EENG526 Advanced Electromagnetics

EENG526. ADVANCED ELECTROMAGNETICS. 3.0 SEMESTER HRS. (II) In this course the fundamental theorems of electromagnetics are developed rigorously. Wave solutions are developed in Cartesian, cylindrical, and spherical coordinate systems for bounded and unbounded regions. Prerequisite: EENG386. 3 hours lecture; 3 semester hours.

EENG528 Computational Electromagnetics

EENG528. COMPUTATIONAL ELECTROMAGNETICS. 3.0 Semester Hrs. (II) In this course the fundamental theorems of electromagnetics are developed rigorously. Wave solutions are developed in Cartesian, cylindrical, and spherical coordinate systems for bounded and unbounded regions. Prerequisite: EENG386. 3 hours lecture; 3 semester hours.

EENG529 Active RF and Microwave Devices

EENG529. ACTIVE RF & MICROWAVE DEVICES. 3.0 Semester Hrs. (II) This course introduces the basics of active radio-frequency (RF) and microwave circuits and devices which are the building blocks of modern communication and radar systems. The topics that will be studied are RF and microwave circuit components, resonant circuits, matching networks, noise in active circuits, switches, RF and microwave transistors and amplifiers. Additionally, mixers, oscillators, transceiver architectures, RF and monolithic microwave integrated circuits (RFICs and MMICs) will be introduced. Moreover, students will learn how to model active devices using professional CAD software, how to fabricate printed active microwave devices, how a vector network analyzer (VNA) operates, and how to measure active RF and microwave devices using VNAs. Prerequisites: EEBG385. 3 hours lecture; 3 semester hours.

EENG530 Passive RF and Microwave Devices

EENG530. PASSIVE RF & MICROWAVE DEVICES. 3.0 Semester Hrs. (I) This course introduces the basics of passive radio-frequency (RF) and microwave circuits and devices which are the building blocks of modern communication and radar systems. The topics that will be studied are microwave transmission lines and waveguides, microwave network theory, microwave resonators, power dividers, directional couplers, hybrids, RF/microwave filters, and phase shifters. Students will also learn how to design and analyze passive microwave devices using professional CAD software. Moreover, students will learn how to fabricate printed passive microwave devices and test them using a vector network analyzer. Prerequisites: EENG386. 3 hours lecture; 3 semester hours.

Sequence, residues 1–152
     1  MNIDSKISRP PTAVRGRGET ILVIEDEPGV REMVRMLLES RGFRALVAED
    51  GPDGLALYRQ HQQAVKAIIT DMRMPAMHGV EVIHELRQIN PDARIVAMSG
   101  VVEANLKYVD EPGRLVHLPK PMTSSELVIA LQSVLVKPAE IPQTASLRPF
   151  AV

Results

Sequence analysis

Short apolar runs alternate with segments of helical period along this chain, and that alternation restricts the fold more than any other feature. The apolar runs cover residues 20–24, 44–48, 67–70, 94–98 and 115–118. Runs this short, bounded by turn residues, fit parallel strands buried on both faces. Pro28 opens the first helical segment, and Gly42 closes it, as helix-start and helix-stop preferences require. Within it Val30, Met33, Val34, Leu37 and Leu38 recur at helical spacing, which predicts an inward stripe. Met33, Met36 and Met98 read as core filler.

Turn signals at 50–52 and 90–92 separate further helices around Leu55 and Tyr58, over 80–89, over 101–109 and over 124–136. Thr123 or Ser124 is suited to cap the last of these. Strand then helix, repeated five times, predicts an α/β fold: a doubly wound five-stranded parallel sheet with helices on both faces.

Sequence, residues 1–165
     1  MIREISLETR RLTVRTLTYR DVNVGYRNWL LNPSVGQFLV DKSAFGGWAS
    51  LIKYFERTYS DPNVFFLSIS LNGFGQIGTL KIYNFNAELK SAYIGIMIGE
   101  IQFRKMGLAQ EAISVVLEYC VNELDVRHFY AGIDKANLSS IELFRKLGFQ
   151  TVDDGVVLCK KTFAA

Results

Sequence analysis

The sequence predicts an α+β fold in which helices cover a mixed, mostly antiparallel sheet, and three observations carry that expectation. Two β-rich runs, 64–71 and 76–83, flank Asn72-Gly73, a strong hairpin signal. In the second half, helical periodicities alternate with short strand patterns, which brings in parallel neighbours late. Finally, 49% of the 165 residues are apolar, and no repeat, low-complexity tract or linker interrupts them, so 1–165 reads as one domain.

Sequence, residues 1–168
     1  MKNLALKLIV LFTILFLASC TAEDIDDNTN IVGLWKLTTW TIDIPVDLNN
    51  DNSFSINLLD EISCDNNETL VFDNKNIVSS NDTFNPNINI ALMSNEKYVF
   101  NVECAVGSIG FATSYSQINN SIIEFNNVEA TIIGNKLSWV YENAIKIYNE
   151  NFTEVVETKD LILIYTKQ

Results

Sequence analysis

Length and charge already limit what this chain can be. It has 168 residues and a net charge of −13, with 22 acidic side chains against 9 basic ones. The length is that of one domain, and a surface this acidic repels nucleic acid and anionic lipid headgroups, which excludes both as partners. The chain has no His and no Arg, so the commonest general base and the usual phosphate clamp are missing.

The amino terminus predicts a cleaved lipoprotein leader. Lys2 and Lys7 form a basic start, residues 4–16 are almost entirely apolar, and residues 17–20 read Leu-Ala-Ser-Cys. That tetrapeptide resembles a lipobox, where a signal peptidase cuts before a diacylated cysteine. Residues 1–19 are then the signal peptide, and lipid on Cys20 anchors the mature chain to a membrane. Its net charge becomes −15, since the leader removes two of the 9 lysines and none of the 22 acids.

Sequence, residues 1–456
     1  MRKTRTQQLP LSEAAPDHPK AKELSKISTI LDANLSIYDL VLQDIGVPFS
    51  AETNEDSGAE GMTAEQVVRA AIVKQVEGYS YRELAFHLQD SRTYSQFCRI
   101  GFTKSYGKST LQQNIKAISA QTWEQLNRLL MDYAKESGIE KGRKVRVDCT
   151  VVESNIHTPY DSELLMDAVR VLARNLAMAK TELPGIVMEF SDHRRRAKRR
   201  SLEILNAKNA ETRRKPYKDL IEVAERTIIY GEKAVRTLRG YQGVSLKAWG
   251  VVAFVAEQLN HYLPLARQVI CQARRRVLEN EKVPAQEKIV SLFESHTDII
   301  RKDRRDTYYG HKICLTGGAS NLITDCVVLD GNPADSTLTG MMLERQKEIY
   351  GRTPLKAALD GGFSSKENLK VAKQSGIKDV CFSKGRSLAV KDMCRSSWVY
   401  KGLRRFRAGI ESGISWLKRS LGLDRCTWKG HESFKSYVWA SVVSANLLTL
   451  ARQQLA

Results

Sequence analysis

EENG617 Intelligent Control Systems

EENG617. INTELLIGENT CONTROL SYSTEMS. 3.0 Semester Hrs. Equivalent with EGGN617, Fundamental issues related to the design on intelligent control systems are described. Neural networks analysis for engi neering systems are presented. Neural-based learning, estimation, and identification of dynamical systems are described. Qualitative control system analysis using fuzzy logic is presented. Fuzzy mathematics design of rule-based control, and integrated human-machine intelligent control systems are covered. Real-life problems from different engineering systems are analyzed. Prerequisite: EENG517. 3 hours lecture; 3 semester hours. Taught on demand.

EENG618 Nonlinear and Adaptive Control

EENG618. NONLINEAR AND ADAPTIVE CONTROL. 3.0 Semester Hrs. Equivalent with EGGN618, This course presents a comprehensive exposition of the theory of nonlinear dynamical systems and the applications of this theory to adaptive control. It will focus on (1) methods of characterizing and understanding the behavior of systems that can be described by nonlinear ordinary differential equations, (2) methods for designing controllers for such systems, (3) an introduction to the topic of system identification, and (4) study of the primary techniques in adaptive control, including model-reference adaptive control and model predictive control. Prerequisite: EENG517. 3 hours lecture; 3 semester hours. Spring, even numbered years.
Metallurgy and Material Engineering

MTGN456 Electron Microscopy

MTGN456. ELECTRON MICROSCOPY. 2.0 Semester Hrs. (I, II, S) Introduction to electron optics and the design and application of transmission and scanning electron microscopes. Interpretation of images produced by various contrast mechanisms. Electron diffraction analysis and the indexing of electron diffraction patterns. Prerequisites: MTGN211 or MTGN311. Corequisite: MTGN456L. 2 hours lecture; 2 semester hours.

MTGN505 Crystallography and Diffraction